The United States Marine Corps War Memorial is an iconic piece of American history. It is a tangible representation of fundamental American values — courage, perseverance, patriotism and honoring the “man in the arena” who has secured our nation’s freedom, often at a terrible price.

But who was behind the monument that is ingrained in so many American minds?

Of course, the monument is modeled after the famous picture of U.S. Marines raising the flag in Iwo Jima during WWII. The picture was taken by Joe Rosenthal, Pulitzer Prize winning photographer, on February 23, 1945. However, it was Felix Weihs de Weldon who built the sculpture that many from around the country (and around the world) will travel so far to see.

In this Feb 23, 1945 file photo, U.S. Marines of the 28th Regiment, 5th Division, raise the American flag atop Mt. Suribachi, Iwo Jima, Japan. This iconic image is included in Time magazine’s most influential images of all time, released Thursday, Nov. 17, 2016, through a new book, videos and a website, | AP Photo/Joe Rosenthal, File

De Weldon was born to a textile manufacturer in Austria on April 12, 1907. He was well educated abroad, and was quite intelligent — he earned his PhD by the time he was 22 years old. He also began his career in sculpture at a young age, and traveled as an artist throughout Spain, France, Italy and Britain, among other places. He even did a sculpture of the King of England, George V (and would later get honorary knighthood in 1959). Eventually he found his way to the Canada and then the place where he would eventually settle down: the United States.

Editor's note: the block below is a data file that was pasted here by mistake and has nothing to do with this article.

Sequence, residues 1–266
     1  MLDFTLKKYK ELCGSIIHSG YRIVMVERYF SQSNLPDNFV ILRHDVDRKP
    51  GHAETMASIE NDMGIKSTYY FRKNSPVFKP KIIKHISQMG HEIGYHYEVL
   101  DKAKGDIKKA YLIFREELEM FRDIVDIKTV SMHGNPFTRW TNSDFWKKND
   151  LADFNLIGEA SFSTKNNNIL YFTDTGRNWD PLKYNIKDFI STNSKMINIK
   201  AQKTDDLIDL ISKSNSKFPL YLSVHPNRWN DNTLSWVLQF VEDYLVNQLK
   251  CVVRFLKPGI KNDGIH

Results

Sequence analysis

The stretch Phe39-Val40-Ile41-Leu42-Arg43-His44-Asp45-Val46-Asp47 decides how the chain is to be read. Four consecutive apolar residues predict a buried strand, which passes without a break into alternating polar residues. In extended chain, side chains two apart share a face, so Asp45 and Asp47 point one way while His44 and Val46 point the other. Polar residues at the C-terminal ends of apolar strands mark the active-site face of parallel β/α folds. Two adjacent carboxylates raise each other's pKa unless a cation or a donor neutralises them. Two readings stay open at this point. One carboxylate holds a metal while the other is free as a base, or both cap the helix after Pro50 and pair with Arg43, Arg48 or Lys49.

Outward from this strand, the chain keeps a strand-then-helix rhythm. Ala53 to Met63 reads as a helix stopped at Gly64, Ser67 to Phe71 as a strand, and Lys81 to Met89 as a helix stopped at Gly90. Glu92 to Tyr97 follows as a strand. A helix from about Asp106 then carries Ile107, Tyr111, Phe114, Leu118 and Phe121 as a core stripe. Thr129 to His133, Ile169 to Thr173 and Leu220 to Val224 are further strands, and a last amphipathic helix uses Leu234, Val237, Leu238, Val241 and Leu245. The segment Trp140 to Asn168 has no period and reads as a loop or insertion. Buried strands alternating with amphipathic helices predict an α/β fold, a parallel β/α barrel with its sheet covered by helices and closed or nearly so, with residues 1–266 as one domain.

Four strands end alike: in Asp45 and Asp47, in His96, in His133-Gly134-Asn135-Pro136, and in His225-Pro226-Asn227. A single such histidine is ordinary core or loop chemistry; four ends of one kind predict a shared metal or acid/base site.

That’s when WWII broke out.

De Weldon enlisted in the U.S. Navy as a “combat artist” out of Maryland, a job that still exists in some capacity today. He was in the middle of his service when he came across the famous Associated Press pictures snapped by Rosenthal. It made quite the impression upon him, and he immediately went to work on a wax sculpture of the picture. It was met with success and displayed in various places, during which time de Weldon completed his time in the service and got out of the military at the rank of Painter Second Class.

He was awarded his citizenship in 1945, and 11 years later he was appointed to the U.S. Commission of Fine Arts, where he would be re-appointed again and again during various president’s tenures.

AP Photo/File

The Marine Corps War Memorial we have today was commissioned in 1951, and he began his tedious work on the project. In short, he spent three years building the memorial out of plaster. This plaster was then disassembled, cast in bronze in Brooklyn, and shipped to the memorial site where it was assembled. It was completed and dedicated on November 10, 1954.